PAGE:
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Back in times of yore, over the course of a typical day you might receive a couple of letters, read the newspaper, tune in for the news on the wireless and enjoy a quick chat over the garden fence with Mrs Miggins. And, these activities might form the entire range of your possible daily exposure to marketing messages.

Nowadays, most people are up and scrolling before they’ve had their morning brew. We’ve got the radio or TV on in the background, and we’re hit by ads on almost every flat surface we pass. The world is noisy. All. The. Time.

This means that we consume tens of thousands of marketing messages every single day. Adverts, news, scare stories, politics, advice, COVID, COVID, COVID. It’s a huge challenge getting any message through to your target audience with all of this other noise going on.

Coupled with this, if you’re a coach or consultant, trying to get the attention of your dream client alongside bigger businesses, they’re likely to eat up the available bandwidth of Google searches and online advertising pretty quickly. We find that whenever Amy Porterfield is in the middle of a campaign to promote a course, Facebook ads are suddenly more expensive and less effective.

Perhaps the challenge to stand out amongst all this noise is also compounded by the fear that the services you’re offering are too similar to those of your competitors. Ever worried that, in the uninformed eyes of your ideal client, you seem like an identikit version of the other service providers in the market? Does it feel impossible to create a message that’s distinct, unique and attractive?

But, it’s critical that you do make your message and your business distinct from your competition. Making your business unique is one of the very few ways to get the attention of your dream client, that you actually have any control over. You certainly can’t turn off the noise. And, to quote Coco Chanel: “In order to be irreplaceable, one must always be different.”

If making yourself different from your competitors is so important, what are some ways that you can do that? 

It takes a bit of a mindset shift to get your head around what’s needed here. 

We typically tend to think about marketing in terms of ‘baiting a hook’, sending out a line, and hoping to bag the right fish. We think it’s better to drop this idea, and instead imagine making your business shine, in such an intense way that it becomes like a lighthouse, which is particularly visible to your ideal clients.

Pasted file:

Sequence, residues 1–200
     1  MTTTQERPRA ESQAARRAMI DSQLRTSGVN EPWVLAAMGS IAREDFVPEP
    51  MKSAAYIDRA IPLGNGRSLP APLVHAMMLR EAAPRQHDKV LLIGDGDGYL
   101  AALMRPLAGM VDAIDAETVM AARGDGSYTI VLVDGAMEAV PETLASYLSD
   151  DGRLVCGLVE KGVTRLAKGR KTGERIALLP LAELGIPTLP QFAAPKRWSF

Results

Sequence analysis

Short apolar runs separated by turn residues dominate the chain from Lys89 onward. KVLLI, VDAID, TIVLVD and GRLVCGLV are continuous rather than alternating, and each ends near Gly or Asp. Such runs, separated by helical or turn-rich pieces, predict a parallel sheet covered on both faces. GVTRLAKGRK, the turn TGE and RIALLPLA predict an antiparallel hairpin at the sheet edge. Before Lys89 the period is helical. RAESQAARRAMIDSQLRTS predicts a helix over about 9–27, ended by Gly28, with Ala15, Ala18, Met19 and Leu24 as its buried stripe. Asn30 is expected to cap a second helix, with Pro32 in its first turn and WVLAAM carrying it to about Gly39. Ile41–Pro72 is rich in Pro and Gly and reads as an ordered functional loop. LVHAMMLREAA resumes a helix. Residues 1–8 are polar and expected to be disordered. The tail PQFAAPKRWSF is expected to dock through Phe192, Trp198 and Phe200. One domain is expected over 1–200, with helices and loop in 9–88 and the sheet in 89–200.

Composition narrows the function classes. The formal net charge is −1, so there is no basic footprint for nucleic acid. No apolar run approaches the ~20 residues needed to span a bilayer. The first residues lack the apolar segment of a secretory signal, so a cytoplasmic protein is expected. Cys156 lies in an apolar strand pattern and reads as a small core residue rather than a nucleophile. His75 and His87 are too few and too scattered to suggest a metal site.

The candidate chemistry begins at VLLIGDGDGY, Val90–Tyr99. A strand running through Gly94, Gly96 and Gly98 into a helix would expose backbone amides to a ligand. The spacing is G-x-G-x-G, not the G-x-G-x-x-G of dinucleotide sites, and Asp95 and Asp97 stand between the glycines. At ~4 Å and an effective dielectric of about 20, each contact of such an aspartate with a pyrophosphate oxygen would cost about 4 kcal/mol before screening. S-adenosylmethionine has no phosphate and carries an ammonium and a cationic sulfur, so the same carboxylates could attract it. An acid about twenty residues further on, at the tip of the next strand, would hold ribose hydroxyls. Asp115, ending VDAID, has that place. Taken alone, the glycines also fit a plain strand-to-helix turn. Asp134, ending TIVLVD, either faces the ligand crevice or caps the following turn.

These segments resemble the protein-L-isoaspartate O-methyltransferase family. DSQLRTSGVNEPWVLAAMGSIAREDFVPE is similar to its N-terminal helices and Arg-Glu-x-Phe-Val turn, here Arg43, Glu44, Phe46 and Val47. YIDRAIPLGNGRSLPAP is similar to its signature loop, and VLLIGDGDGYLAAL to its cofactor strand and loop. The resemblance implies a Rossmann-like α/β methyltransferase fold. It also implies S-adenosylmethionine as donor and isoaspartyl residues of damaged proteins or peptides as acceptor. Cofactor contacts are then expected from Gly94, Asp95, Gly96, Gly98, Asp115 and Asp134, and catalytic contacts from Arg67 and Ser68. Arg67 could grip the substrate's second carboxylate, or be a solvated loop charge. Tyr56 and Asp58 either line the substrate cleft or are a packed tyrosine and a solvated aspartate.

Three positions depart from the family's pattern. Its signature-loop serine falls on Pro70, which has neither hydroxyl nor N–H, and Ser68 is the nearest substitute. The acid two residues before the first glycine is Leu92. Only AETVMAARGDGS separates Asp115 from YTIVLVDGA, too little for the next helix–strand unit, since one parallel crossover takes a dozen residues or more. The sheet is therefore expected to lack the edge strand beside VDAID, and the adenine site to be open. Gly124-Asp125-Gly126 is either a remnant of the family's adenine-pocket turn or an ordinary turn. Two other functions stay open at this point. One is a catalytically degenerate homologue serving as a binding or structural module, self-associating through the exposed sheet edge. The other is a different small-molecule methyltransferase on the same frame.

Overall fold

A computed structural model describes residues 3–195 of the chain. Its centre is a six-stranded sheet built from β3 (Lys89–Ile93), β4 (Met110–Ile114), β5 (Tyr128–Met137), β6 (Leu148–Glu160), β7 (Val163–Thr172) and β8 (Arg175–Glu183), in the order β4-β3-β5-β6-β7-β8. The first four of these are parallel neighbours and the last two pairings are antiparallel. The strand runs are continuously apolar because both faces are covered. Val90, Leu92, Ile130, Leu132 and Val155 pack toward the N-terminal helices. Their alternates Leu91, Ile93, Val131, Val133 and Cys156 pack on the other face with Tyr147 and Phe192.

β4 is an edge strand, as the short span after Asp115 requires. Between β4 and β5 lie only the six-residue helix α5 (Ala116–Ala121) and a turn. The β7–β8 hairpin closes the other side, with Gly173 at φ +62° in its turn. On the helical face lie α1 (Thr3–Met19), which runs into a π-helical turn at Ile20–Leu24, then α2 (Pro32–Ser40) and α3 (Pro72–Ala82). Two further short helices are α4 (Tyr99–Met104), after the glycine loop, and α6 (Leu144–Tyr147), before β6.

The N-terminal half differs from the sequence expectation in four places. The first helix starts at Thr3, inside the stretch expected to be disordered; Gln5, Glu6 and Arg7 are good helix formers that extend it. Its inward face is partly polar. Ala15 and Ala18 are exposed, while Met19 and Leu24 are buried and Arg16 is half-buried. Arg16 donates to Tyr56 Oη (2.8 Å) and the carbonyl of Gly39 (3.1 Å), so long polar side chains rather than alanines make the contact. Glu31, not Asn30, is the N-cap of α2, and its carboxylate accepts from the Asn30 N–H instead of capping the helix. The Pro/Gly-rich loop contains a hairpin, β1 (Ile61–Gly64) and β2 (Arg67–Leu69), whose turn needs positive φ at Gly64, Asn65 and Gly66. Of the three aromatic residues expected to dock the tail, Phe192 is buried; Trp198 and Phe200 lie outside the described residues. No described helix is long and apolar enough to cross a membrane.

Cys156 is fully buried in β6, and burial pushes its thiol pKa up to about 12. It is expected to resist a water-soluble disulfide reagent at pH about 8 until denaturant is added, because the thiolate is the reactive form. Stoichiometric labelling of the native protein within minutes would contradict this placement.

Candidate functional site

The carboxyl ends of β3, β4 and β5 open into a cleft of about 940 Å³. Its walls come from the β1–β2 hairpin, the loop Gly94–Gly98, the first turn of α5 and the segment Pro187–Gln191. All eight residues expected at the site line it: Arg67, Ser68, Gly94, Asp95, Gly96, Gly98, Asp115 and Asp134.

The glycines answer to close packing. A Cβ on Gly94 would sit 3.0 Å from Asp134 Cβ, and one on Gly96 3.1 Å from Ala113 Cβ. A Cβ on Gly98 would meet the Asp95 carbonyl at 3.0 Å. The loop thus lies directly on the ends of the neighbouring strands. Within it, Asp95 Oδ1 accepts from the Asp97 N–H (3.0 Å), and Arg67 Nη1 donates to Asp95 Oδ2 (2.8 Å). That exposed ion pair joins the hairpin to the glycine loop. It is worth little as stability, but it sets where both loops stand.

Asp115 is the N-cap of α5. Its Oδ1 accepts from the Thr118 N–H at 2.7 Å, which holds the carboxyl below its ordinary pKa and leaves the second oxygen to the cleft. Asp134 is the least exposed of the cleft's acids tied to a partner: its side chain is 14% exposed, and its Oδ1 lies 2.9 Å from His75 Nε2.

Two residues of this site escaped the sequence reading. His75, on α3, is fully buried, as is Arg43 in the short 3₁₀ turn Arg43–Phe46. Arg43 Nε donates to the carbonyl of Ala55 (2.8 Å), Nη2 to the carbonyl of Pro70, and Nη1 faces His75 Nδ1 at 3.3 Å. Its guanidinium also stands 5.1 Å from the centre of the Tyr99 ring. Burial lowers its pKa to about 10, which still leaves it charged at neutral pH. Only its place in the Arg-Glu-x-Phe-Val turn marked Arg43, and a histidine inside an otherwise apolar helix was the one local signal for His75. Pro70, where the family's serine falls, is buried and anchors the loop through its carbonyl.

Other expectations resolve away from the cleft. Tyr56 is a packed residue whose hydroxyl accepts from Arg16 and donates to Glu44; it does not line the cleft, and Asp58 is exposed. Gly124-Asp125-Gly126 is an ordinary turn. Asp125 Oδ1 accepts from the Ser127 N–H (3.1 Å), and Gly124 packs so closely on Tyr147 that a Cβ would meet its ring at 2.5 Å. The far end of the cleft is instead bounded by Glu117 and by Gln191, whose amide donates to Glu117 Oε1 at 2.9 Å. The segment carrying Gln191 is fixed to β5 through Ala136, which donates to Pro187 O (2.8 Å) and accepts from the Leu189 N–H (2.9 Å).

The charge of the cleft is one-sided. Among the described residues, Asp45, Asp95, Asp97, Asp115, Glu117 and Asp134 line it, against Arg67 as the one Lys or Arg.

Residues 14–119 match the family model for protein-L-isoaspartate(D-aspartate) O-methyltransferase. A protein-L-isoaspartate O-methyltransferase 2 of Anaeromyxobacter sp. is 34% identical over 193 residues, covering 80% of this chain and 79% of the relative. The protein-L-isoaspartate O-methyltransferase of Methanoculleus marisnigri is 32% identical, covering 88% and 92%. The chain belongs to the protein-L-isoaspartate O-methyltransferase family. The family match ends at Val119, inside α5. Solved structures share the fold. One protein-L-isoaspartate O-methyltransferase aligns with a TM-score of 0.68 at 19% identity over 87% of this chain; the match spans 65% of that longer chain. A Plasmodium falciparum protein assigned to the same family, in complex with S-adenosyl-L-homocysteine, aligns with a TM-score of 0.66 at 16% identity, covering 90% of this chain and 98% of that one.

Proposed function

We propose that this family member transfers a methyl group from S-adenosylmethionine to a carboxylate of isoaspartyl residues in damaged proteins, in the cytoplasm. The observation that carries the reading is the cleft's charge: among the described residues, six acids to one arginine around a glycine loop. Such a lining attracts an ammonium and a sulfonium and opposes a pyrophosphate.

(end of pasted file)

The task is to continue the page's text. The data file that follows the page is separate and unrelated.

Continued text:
The marketing jargon for doing this to get the attention of your dream client is ‘differentiation’. Our marketing strategy process includes helping our clients to define what’s different and special about their business, and shining a light on the business features that make them most attractive to their chosen ‘niche’ of clients.

No doubt you’ve heard of niching. Most business owners understand it to mean choosing a vertical industry segment to go after, such as a social media manager who only works with restaurants. But, when we work with clients, we work through 7 potential differentiation factors, we call them ‘The Magnificent 7’.

Here they are, to help you figure out a unique market position for your business.

You could choose to create a niche for your business by:

  1. As above, industry sector – be THE go-to person for a particular industry.
  2. Customer type – for B2B markets (i.e. your clients are other businesses), you could define your ideal client by the size of businesses that you work with, or their growth stage, for B2C service-providers (this is you if your clients are consumers),, you might choose gender, age, interest or life stage. For example, you might be an HR consultant who only works with start-ups or a hairdresser who only cuts children’s hair.
  3. Geography – this is an easy one, choose a local area and be the provider of choice in that place.
  4. The problems or challenges your target clients are experiencing. For example, you could be a parenting coach who helps worried parents with children who are picky eaters.
  5. The way you deliver your service – This is for you if you offer a similar service to competitors, but the way that you provide it is unusual. For example, if you’re a beauty salon that sends therapists to the client’s own house, instead of hosting them in a salon.
  6. The quality of your service. You might choose to niche by how high the quality of your offering is, or by taking a ‘no frills’ approach. This often applies to travel agents and hotels, but how could it work for your business?
  7. Brand – this is when you create a brand identity for your business that is unique and appeals to a particular segment of the market. A good example is Innocent smoothies, whose quirky brand appeals to some people, while others prefer a more conservative brand – the drinks inside the bottle are often exactly the same!

One thing that you shouldn’t be worried about is ‘turning off’ parts of your market by going down one particular route. First of all, in most markets there is plenty of business to go around. 

Secondly, just because you’re choosing to appeal to one type of client, it doesn’t mean that you will automatically repel all the others. It just means you’ll be creating a unique presence that attracts a strong following and makes you memorable. 

And that really will give Mrs Miggins something to talk about.

Need help to get the attention of your dream client? Book a quick, no-obligation chat with us, and we’ll let you know how we could help!

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